Instructor Considerations - Planning for Your Course
This section covers administrative issues you should be aware of such as technology issues, suggestions on creating a course development timeline, and examples of models other departments have used. After your course has been developed, topics such as marketing and awards may be of interest to you.
You may have a new fully-online or blended course to develop or an existing course which needs conversion, revision or enhancement. We recommended that you start simply and plan to enhance your content later using student feedback. Consider the following before you begin course development:
What are the department's expectations for the course? What are your expectations for the course? (e.g., how often will it be taught, enrollment expectations, target audience, revenue, benefits)
What are the goals for the course? Which method will best help you meet your goals? (e.g., knowledge transfer, physical skill, reducing seat capacity, attracting distance learners)
What resources will you require and will your department provide? (e.g., release time, money, hardware, software, shared technology resources, technical expertise and support, training, other incentives)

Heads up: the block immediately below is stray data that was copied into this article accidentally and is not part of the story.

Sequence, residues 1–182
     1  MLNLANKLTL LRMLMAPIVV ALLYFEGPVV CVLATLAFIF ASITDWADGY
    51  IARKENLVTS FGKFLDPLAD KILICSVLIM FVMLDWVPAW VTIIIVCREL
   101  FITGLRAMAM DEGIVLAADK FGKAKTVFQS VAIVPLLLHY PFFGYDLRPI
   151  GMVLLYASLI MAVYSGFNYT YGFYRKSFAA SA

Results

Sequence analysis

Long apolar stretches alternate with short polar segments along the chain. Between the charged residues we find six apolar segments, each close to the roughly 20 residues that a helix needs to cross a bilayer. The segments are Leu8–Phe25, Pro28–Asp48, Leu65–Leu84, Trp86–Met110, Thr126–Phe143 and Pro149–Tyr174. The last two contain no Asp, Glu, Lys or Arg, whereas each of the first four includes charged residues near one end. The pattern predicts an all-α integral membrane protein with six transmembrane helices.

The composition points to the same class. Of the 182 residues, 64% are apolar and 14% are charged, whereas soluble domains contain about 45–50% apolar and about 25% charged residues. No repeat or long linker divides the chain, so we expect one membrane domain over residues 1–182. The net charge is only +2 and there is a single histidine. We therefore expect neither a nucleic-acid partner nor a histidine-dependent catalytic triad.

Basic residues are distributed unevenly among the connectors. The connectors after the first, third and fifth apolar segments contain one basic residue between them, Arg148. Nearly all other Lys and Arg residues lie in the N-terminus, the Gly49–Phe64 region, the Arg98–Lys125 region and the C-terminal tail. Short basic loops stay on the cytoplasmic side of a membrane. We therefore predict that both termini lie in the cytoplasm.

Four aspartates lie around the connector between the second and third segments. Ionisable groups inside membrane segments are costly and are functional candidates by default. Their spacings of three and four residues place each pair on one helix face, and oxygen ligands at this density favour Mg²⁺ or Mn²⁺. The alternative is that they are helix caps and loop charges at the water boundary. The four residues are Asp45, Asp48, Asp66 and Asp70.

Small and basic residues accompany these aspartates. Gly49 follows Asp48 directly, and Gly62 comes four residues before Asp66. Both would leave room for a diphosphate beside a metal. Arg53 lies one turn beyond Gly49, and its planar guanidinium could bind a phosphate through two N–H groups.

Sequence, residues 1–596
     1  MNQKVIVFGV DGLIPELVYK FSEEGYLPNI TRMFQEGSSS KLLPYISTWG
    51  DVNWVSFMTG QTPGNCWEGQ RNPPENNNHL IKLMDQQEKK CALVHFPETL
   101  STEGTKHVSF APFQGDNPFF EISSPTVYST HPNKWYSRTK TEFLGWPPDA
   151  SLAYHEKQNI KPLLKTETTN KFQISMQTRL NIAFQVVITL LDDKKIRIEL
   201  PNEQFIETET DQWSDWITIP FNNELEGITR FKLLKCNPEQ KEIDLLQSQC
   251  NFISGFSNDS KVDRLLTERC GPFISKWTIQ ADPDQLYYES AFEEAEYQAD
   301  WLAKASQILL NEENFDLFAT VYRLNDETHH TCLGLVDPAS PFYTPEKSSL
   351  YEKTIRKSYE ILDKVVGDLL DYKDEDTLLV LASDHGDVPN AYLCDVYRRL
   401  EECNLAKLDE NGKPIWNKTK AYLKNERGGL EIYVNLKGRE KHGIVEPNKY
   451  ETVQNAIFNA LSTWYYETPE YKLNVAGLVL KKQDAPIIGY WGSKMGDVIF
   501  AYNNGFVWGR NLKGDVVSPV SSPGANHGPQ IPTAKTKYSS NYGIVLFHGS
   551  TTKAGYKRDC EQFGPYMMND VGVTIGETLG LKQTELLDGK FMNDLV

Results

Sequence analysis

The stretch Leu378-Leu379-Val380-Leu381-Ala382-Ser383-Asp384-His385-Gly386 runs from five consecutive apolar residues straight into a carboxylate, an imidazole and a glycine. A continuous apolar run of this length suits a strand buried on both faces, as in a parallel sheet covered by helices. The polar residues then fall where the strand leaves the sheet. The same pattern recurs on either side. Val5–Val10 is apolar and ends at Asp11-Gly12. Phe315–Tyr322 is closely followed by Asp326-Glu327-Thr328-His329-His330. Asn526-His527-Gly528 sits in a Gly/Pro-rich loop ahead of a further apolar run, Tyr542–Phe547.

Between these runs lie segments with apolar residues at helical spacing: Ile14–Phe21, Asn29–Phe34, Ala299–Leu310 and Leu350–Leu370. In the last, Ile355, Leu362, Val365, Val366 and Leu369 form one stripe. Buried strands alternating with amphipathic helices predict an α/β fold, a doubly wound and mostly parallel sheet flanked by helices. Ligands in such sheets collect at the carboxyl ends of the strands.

What personnel support will the department provide for your course? (e.g., support staff, teaching assistants, mentors, marketing)
Is your content time-dependent? Do you have content and links that need frequent updating? Who will perform the maintenance? Will you pass this course along to be taught by another after you have developed it? What tasks need to be performed each semester to get it ready for students?
Consider whether you will need to purchase hardware or software to produce the course. You may need a budget for media support or production, technical support staff, secretarial staff, and Teaching Assistant (TA) costs. You may need to allocate budgets for course development, personal learning, and teaching time.
Will you develop your course on your own? Do you need assistance in course design and development or the production of interactive media and graphics? Do you need copyright and library support?